Plenty of “ifs” remain, but do you think that if Nick Markakis is stronger — if he regains some strength from lifting that he couldn’t do last winter after neck surgery — and if newcomers Erick Aybar and Ender Inciarte produce at the top in front of you – it could be a pretty decent lineup?
Yeah, I think the thing last year, it wasn’t very consistent. We were missing parts every day, so all of a sudden Nick’s hitting leadoff, then he’s he’s hitting third and I’m hitting fourth, then all of a sudden I’m hitting third and he’s hitting fourth, then Nick’s back up to first. No one could really get comfortable because we just had so many mix-and-match pieces. So hopefully this year it’s more of a consistent lineup that we can put out there every single day and then more people will get comfortable and settle in. Because we’re going to have a young team again, with a sprinkle of veterans like Pierzynski, Swisher, Bourn, Kelly Johnson. Everybody else pretty much is young. We’re going to be out there hopefully able to play some exciting baseb all like we were doing up until 83, 84 games into the season last year. Hopefully we can continue that. You never know what can happen. If we can put pressure on the Nationals and the Mets and the Marlins, they could get a little scared and we might hop over them. Cools things could happen.
It’s got to be good for you feeling like you can start out strong and healthy again, and also knowing what you’re going to get as far as leadership from the likes of (A.J.) Pierzynski and Markakis, after playing with them last season, and the additions of a couple of guys like Aybar and Inciarte, who actually had more Defensive Runs Saved than Andrelton Simmons last year, as hard as that is to believe for those of us who watched Andrelton.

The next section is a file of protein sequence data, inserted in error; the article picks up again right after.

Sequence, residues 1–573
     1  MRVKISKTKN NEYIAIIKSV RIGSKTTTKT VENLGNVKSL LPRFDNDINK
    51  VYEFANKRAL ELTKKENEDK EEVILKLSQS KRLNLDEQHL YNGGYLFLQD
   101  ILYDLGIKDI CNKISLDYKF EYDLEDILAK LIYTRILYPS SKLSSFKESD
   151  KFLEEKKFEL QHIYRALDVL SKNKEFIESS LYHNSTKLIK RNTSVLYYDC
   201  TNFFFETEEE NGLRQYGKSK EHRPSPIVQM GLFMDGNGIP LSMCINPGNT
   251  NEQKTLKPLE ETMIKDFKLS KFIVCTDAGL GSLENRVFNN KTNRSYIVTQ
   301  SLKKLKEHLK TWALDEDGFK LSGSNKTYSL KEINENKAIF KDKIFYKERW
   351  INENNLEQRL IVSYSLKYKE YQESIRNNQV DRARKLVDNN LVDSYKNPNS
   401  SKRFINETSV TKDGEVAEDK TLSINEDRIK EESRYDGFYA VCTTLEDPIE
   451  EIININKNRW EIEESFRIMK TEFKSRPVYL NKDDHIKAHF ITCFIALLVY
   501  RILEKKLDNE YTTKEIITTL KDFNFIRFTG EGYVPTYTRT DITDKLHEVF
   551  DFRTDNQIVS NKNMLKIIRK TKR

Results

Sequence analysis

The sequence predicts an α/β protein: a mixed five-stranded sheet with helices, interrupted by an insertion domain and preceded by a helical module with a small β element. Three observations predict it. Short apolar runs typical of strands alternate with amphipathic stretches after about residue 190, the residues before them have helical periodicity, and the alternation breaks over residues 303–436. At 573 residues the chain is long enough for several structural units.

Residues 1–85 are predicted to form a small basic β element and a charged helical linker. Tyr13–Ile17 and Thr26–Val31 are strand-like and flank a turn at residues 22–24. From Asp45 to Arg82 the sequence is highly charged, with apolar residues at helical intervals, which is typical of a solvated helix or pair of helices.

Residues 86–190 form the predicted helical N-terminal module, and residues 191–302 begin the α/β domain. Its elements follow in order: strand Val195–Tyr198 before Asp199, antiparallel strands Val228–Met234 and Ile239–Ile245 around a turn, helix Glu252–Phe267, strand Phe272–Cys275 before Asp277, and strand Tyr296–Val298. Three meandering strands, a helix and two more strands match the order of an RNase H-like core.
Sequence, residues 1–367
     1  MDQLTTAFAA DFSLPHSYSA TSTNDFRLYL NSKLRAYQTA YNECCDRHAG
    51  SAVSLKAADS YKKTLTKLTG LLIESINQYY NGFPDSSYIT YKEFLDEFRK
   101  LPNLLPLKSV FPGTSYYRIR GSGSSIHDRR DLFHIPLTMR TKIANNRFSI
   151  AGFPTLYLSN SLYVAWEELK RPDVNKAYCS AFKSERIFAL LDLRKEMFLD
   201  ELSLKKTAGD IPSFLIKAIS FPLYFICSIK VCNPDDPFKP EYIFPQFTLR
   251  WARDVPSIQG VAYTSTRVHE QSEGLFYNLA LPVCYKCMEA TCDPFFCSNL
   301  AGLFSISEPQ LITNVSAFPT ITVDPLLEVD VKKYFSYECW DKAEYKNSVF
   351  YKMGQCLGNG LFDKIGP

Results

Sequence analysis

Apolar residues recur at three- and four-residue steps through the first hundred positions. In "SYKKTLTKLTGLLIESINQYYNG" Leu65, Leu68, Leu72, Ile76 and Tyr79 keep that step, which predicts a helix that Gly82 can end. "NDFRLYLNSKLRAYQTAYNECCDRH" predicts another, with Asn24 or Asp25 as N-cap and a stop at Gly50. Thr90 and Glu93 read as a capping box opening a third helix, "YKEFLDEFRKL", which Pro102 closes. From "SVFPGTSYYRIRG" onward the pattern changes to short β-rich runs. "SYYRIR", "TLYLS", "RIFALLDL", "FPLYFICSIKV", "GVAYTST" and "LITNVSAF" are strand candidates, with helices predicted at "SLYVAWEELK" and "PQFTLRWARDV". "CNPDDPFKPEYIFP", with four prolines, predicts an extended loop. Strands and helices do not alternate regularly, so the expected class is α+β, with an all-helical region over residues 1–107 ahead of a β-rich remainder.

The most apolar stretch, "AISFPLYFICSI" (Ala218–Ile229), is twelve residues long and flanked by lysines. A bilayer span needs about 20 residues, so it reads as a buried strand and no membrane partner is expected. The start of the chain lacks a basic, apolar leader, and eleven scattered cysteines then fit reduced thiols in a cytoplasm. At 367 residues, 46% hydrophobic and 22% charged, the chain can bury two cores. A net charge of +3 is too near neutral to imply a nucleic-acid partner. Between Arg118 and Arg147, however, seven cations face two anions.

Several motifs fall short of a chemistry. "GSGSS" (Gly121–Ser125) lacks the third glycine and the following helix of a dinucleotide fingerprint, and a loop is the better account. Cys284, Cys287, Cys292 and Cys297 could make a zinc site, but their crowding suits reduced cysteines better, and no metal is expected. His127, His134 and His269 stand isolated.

Yeah, that’s very hard to believe. I saw that (statistic). But when we played the Diamondbacks he always seemed to take away a couple of hits, so it’s definitely nice to have him on our side. It’s going to be interesting. I’m looking forward to seeing those guys we got in the trades, like the Swansons, the Blairs, all those guys that we got from the Angels too. It’s going to be the same thing this year (as last spring), we’re going to have to have name tags on our shirts. But it’s a lot more exciting crew that we’re going to have in spring training, to get to know these guys.
The Braves have so many good young arms now, a lot of people feel like if even half of them work out as projected, the team should be fine for a lot of years.
I know. Hopefully it happens soon rather than later. Hopefully these guys take some big steps this year and we can be like the Royals and Astros, with a lot of homegrown guys and get to the point of being able to make the playoffs every year. It’s going to be exciting.
So you and Julio (Teheran) are pretty much the last men standing in terms of the Braves from just a couple of years ago, the only ones left among those who got the multi-year extensions. Are you OK with all the trades and the rebuilding situation, now that the dust has settled from another busy offseason of Braves dealing?
I’m OK with the moves. I’m obviously going to miss Andrelton and Shelby a lot. Definitely going to be different not seeing Simba (Simmons) roaming short this coming year. But I hope he continues becoming a superstar with the Angels. The Diamondbacks got top-of-the-rotation stuff with Shelby (Miller). Not looking forward to having to face him. But me personally, this offseason’s moves made everything come full circle. We got a lot of top prospects back in the trades and I’m looking forward to seeing them in spring training. We have some young guys that could be making an impact with us this year, and in my opinion it’s an exciting time to be a Braves fan because I think we are going to be good soon – and for a lot of years to come.